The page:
Haley's Poker Blog

No bad beats, but still a poker blog... hence the anguish.

Wednesday, June 21, 2006

Tuesday Donkball at the 'Pot'

"Directions from the East: I-94 west to 35th Street. Head south on the 35th Street viaduct to National Avenue. Go east on National Avenue, then north on Caesar Chavez Drive/16th Street. Turn east on the Emmber Lane ramp, then north on Emmber to Canal Street. Turn west on Canal Street to the Casino."
--- from the Potawatomi Casino web site, as major interchange construction in downtown Milwaukee baffles potential visitors

Road trip Tuesday, with a bit of poker thrown in. The poker includes one of the most unusual low-limit casino variants you're ever likely to encounter, so it might worth the read. I spent Tuesday on the road to the previous stomping grounds in Milwaukee, snagging a car load of junk from a storage unit, handling some other paperwork, then not being able to get my car's drive belt replaced at the place that previously said they'd do it on the cheap and quick ... in general, just running a collected bunch of long-distance errands.

But all work and no play makes for lousy poker-blog reading, so I made the loop through the dreaded downtown Milwaukee construction zone --- that's the west-south-east-north-east-north-west hilarity quoted above --- and finally found the way to the Potawatomi Casino, about the only public poker game for 100 or more miles around. The Pot's poker room is a reconstitued storage area adjacent to the large bingo hall on the casino's upper level, pretty much the farthest point possible from the casino's main entrance. They've got ten tables and a small brush area squeezed into something like a 24' x 60' room, with a small cashier's cage on one end and a glass wall on the bingo-hall side that sometimes keeps the place from becoming claustrophobic. "Spacious" is a word never used in the Pot's marketing material when describing its poker room.

There's no room for railbirds or sweating of players, either, but there are a few windowbirds from time to time. And also, pray that your occasional bathroom trip does not correspond to break time during one of the major bingo sessions just outside. Can we say "waiting line?"

Nor is it fair to call the game donkball, as the mid-week daytime games at the Pot include few players beyond the room's regulars, and most of those are competent. I had to wait a short while until a new $2-4 w/ Kill table was started up, the only available seats on the seven or so tables in play. We played nine-handed, and we had six competent players and three fish, about what I figured. I bought a rack of whites and won one hand in five dealer shifts --- me card-dead. But that's not the fun part of the tale.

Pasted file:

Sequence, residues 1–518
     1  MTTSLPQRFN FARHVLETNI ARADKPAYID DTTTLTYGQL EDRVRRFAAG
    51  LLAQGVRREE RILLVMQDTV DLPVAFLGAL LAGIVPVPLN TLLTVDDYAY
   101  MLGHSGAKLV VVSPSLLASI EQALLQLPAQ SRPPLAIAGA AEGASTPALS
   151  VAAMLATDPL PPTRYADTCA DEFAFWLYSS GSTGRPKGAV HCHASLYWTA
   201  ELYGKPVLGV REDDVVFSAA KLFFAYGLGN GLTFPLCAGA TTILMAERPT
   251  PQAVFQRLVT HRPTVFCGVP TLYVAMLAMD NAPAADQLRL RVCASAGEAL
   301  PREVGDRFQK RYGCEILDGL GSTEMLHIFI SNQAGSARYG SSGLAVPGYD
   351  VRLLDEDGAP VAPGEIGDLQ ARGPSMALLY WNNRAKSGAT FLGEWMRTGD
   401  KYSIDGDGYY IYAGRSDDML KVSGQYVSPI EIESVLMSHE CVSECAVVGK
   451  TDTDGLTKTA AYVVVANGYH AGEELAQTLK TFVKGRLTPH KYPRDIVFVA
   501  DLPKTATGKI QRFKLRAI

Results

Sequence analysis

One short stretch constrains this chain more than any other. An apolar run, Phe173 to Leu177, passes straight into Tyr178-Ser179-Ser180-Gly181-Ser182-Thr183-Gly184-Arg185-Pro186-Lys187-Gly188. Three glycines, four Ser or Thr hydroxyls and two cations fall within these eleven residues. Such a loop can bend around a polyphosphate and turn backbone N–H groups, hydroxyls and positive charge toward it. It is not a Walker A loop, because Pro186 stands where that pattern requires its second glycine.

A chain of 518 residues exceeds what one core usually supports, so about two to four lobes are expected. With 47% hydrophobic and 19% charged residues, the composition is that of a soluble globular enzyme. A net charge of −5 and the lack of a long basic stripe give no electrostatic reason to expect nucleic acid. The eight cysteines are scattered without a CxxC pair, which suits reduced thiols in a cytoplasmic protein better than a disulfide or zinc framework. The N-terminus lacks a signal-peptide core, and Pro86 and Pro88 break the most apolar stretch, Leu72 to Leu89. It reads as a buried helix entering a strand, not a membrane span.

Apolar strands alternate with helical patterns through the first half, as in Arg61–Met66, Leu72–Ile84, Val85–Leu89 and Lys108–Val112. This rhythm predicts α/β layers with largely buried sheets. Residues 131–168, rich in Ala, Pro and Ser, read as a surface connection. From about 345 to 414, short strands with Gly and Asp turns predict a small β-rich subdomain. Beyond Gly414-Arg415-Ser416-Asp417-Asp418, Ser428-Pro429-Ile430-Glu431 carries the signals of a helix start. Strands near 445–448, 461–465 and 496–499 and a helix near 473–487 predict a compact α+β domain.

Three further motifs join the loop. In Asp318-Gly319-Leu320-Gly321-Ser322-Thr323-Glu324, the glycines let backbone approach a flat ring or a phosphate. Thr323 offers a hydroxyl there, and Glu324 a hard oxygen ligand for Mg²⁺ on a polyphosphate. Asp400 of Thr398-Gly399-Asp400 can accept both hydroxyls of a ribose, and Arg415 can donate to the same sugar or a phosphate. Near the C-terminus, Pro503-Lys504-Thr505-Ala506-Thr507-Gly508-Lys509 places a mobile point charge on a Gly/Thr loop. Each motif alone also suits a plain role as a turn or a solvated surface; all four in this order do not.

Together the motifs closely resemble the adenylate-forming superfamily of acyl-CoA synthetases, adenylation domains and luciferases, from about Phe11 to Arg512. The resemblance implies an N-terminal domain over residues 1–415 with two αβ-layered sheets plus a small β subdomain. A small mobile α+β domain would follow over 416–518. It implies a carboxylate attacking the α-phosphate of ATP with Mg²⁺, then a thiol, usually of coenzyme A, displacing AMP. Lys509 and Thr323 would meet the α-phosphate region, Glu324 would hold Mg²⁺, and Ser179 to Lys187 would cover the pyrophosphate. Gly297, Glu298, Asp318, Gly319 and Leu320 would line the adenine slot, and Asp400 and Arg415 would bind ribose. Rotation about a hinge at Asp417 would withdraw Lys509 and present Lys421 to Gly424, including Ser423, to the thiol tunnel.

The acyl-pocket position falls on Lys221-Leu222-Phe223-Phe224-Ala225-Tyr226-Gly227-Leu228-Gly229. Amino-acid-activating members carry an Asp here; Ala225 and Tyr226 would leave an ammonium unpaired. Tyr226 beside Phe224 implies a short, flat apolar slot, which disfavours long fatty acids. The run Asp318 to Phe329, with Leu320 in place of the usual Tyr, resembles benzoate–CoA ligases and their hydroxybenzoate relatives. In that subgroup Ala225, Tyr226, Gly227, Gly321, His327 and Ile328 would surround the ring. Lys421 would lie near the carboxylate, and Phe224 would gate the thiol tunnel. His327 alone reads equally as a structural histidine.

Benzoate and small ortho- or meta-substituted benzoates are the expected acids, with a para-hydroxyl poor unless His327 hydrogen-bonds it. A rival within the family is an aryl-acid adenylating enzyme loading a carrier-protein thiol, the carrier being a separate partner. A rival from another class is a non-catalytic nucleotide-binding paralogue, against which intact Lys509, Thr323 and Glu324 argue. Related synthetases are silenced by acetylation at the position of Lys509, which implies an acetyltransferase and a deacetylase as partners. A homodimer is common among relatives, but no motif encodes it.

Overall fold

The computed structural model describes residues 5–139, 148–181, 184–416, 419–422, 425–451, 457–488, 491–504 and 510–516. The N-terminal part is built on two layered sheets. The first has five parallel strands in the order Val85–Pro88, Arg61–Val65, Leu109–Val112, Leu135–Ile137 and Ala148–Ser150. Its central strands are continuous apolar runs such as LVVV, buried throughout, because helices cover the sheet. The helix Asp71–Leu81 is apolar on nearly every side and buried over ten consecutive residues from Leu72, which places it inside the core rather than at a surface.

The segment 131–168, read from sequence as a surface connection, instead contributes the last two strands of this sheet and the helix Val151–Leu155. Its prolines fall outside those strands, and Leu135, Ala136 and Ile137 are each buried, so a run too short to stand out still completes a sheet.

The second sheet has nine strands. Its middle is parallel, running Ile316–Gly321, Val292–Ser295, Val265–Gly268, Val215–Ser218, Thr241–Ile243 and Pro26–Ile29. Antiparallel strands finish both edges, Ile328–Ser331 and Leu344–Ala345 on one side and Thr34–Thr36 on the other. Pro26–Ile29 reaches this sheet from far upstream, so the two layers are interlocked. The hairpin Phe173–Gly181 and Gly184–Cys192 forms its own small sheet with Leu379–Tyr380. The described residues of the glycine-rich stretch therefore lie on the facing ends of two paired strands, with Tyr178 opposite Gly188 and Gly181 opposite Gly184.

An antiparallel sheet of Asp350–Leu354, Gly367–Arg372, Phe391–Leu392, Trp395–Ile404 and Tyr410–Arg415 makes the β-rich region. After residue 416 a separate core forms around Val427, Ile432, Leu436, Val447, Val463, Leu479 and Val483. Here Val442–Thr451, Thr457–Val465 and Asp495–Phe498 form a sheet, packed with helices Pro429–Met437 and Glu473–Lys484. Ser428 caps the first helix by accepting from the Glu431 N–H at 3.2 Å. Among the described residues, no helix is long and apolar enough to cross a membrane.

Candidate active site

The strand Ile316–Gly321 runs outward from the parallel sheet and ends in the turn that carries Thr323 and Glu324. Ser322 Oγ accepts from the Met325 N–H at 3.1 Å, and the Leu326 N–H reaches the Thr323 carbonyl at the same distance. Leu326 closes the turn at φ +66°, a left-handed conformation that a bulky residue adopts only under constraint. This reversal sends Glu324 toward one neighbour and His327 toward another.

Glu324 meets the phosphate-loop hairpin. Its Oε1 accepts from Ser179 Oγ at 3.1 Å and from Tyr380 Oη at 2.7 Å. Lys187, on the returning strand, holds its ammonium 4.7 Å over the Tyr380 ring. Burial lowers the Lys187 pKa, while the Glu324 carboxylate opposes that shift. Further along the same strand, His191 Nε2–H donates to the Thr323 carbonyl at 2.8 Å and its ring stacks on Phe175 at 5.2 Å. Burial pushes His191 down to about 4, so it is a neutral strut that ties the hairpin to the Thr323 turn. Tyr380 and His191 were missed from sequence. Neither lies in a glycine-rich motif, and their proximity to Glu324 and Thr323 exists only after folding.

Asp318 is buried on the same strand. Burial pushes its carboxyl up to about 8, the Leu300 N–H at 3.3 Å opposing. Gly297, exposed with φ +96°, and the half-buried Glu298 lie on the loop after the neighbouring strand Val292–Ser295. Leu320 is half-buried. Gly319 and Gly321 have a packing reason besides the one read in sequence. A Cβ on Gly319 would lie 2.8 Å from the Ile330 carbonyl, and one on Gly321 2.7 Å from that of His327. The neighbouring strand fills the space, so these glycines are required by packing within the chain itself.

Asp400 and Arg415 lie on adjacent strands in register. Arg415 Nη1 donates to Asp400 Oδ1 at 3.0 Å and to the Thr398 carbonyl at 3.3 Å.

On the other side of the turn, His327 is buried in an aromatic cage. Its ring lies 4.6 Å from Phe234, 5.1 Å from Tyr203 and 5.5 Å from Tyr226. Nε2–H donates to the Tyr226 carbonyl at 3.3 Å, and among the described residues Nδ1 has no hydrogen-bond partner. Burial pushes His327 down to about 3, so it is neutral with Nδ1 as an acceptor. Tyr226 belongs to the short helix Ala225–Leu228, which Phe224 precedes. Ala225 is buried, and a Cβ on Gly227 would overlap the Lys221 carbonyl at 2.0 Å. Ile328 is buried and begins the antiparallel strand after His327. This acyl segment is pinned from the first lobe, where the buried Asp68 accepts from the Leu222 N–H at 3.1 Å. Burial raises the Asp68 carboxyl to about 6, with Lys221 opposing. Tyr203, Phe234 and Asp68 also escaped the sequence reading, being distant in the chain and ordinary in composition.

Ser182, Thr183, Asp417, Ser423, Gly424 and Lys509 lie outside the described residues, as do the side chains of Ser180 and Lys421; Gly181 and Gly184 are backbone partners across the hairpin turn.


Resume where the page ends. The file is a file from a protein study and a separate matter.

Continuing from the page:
At an adjacent table behind me was a 7-Stud game with two open seats, so I gathered up my remaining chips (maybe $45) and figured I'd try the change of pace. As I said, this is an odd sort of stud game; it's $1-5 spread with no ante, and a forced $1 bring-in for the low window card. If you've done any reading about 7-Stud, you know that buying the antes is an important part of the game, as it helps offset the variance and suckouts brought in by later-street play. Now, wed that knowledge to the previous description and you'll realize this: A spread game with no ante defeats one of the purposes of the spread. There's rarely any value in chasing down someone who makes an early $5 bet, hence the high success rate of the steal, but until there's a few dollars in the pot, the steal itself is a high-risk/low-reward venture. And that points to when the steal is apt: If you're in late position relative to the forced opener, and there are two or three or four limpers, then the occasional $1 + $5 (max spread) steal raise is the right play. The early limpers' donations provide the value for the steal, and your bet obviously represents a high pair or some other quality holding, as it should.